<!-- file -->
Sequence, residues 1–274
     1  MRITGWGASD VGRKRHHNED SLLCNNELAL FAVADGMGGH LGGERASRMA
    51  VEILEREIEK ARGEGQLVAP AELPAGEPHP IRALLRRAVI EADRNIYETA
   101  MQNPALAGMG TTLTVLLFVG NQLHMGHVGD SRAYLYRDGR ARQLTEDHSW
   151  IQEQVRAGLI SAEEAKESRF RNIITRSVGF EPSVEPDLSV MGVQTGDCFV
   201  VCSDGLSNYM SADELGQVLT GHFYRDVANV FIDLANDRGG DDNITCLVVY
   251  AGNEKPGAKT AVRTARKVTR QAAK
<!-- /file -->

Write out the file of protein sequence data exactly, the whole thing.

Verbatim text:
Sequence, residues 1–274
     1  MRITGWGASD VGRKRHHNED SLLCNNELAL FAVADGMGGH LGGERASRMA
    51  VEILEREIEK ARGEGQLVAP AELPAGEPHP IRALLRRAVI EADRNIYETA
   101  MQNPALAGMG TTLTVLLFVG NQLHMGHVGD SRAYLYRDGR ARQLTEDHSW
   151  IQEQVRAGLI SAEEAKESRF RNIITRSVGF EPSVEPDLSV MGVQTGDCFV
   201  VCSDGLSNYM SADELGQVLT GHFYRDVANV FIDLANDRGG DDNITCLVVY
   251  AGNEKPGAKT AVRTARKVTR QAAK